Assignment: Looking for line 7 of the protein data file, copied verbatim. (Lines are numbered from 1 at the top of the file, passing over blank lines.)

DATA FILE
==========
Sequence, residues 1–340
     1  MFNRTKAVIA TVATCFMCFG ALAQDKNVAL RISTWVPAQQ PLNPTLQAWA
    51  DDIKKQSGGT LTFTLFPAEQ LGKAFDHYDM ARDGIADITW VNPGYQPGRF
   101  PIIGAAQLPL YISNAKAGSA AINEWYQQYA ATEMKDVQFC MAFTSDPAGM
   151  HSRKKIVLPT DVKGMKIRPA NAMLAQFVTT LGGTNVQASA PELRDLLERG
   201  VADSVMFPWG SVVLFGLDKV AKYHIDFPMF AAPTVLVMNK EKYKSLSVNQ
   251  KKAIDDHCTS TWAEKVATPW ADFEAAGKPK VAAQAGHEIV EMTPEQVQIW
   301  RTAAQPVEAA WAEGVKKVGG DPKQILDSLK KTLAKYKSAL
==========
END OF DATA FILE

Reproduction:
   251  KKAIDDHCTS TWAEKVATPW ADFEAAGKPK VAAQAGHEIV EMTPEQVQIW